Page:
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CP-061 Retrospective evaluation of the clinical use of prothrombin complex concentrate for the reversal of oral anticoagulation
  1. E Hebbinckuys1,
  2. P Berlemont1,
  3. M Coussemacq2,
  4. E Cousein2,
  5. P Coupe2
  1. 1Pharmacist Intern, Pharmacy, Valenciennes, France
  2. 2Pharmacist, Pharmacy, Valenciennes, France

Abstract

Background Prothrombin complex concentrate (PCC) can be used for replacement of congenital or acquired vitamin K dependent clotting factor deficiency. Its main indication is to obtain a rapid reversal of oral anticoagulation therapy: vitamin K antagonist (VKA).

Purpose In the light of an increase in PCC consummation in our hospital (2019 beds) during the past 2 years (maybe due to a new use of reversal of new oral anticoagulants (NOACs)) and to promote the respect of recommended indications (AMM, marketing authorisation), we evaluated the clinical use of PCC for the reversal of oral anticoagulation.

Material and methods We retrospectively recorded orders of PPC between January and December 2014. We evaluated the pertinence of the indication for anticoagulation reversal according to national recommendations on management of haemorrhage risk or haemorrhage treatment with anticoagulated patients.

We also assessed prescription quality according to dosage, initial INR (international normalised ratio), patient’s weight, vitamin K association and initial anticoagulation therapy of every patient in accordance with national recommendations, literature recommendations and medication label.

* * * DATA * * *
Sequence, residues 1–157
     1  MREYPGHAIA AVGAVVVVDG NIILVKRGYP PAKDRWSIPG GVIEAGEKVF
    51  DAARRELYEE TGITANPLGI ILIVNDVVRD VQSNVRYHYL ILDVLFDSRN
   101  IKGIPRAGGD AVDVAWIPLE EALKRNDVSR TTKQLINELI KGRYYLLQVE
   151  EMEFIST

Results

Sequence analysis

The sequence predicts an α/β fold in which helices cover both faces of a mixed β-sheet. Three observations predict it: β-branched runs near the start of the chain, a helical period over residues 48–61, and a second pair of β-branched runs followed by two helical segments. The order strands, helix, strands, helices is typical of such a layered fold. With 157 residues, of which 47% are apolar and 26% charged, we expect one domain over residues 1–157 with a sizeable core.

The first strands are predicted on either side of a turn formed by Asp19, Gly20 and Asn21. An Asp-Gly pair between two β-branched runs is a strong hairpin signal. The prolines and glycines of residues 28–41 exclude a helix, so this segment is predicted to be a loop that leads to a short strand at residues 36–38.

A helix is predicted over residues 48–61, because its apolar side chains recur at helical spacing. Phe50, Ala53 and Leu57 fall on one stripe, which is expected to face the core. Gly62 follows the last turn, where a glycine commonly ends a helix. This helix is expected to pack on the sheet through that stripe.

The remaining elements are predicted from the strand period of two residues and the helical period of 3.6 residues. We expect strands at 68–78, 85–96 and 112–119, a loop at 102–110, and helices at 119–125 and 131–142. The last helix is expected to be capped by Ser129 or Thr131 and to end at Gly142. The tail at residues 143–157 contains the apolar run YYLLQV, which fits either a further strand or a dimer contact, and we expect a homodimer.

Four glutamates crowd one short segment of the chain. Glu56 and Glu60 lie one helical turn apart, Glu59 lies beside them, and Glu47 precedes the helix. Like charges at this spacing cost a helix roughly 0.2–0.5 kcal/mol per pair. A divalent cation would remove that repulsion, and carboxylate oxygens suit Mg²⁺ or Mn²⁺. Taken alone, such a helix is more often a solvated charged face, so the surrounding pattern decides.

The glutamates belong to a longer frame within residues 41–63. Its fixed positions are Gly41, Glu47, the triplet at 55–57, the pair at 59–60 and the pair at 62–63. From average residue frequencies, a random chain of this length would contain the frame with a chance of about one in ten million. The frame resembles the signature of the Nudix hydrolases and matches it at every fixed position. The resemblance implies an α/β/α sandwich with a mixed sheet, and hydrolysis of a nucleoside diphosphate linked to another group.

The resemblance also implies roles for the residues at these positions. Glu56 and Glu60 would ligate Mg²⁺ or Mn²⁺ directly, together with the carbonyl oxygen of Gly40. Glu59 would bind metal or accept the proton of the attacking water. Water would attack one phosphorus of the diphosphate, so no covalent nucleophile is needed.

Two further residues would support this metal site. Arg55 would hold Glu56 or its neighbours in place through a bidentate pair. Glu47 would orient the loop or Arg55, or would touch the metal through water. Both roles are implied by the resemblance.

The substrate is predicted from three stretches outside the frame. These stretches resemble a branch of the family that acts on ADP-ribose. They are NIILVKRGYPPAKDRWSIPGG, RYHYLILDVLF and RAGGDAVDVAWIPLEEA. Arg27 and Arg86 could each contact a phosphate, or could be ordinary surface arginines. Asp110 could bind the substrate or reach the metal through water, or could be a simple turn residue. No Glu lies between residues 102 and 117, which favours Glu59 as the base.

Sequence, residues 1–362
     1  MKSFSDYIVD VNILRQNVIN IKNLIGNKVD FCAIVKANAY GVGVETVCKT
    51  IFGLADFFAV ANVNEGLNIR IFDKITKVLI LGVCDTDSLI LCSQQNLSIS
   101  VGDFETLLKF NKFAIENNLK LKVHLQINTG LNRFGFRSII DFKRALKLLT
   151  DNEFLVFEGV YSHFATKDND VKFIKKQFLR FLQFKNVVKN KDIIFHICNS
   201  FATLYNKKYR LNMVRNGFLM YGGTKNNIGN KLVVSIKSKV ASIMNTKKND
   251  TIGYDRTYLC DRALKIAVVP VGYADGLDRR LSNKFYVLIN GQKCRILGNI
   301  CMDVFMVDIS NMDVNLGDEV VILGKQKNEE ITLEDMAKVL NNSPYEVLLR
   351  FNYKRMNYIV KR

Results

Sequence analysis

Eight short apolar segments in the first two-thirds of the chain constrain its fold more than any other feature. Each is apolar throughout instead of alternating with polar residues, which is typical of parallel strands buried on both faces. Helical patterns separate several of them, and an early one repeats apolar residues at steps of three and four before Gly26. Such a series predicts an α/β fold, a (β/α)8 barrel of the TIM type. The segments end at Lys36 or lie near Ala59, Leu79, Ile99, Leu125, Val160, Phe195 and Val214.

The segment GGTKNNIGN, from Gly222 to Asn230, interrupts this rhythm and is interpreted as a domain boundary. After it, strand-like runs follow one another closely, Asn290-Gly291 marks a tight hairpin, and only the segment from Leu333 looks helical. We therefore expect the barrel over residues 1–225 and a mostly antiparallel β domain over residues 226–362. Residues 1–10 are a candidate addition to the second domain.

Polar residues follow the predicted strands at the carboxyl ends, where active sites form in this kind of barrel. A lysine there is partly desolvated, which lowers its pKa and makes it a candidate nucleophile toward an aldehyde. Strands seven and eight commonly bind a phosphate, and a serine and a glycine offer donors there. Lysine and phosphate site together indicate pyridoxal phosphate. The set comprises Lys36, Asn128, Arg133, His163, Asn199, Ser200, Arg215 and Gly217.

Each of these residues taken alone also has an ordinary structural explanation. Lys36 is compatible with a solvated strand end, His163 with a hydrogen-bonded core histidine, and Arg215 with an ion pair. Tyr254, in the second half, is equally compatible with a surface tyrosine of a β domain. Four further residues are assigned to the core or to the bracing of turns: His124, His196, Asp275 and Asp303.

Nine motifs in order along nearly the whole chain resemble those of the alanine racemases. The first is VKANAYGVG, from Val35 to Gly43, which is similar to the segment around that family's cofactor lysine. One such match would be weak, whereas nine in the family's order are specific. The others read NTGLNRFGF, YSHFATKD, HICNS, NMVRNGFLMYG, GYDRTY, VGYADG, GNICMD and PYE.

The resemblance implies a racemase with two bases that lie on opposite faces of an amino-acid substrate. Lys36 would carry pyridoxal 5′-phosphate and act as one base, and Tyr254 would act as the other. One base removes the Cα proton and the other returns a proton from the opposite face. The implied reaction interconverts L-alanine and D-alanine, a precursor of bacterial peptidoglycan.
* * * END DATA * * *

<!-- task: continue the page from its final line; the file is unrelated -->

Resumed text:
Results There were 106 patients included in this study; 95% were associated with VKA treatment. The majority of indications were justified (80%): 50% for serious haemorrhage and 38% for patients who needed surgery in an emergency. However, there were concerns about PPC dosage used: 41% were not adjusted for weight or initial INR, principally sub-therapeutic doses in 80% of cases. Only 55% of PPC prescriptions were associated with vitamin K; 45% of administrations of PPC were not associated with vitamin K.

Conclusion Thanks to this retrospective evaluation, we have realised that the majority of PPC prescriptions are well justified and within recommended situations; only 5% were used for NOAC reversal. But the study also shows a lack of knowledge about the best dosage of PPC to administrate and the correct associated therapeutics in these situations. The role of the pharmacist is very important in order to promote good clinical drug use and to alert prescribers about PCC prescription recommendations, notably dosage adjustment with the patient’s weight or INR. The results of this study will be presented to main prescribers of PPC and new recommendations will be posted in the care unit.

References and/or Acknowledgements Surdosage VKA HAS 2008

No conflict of interest.

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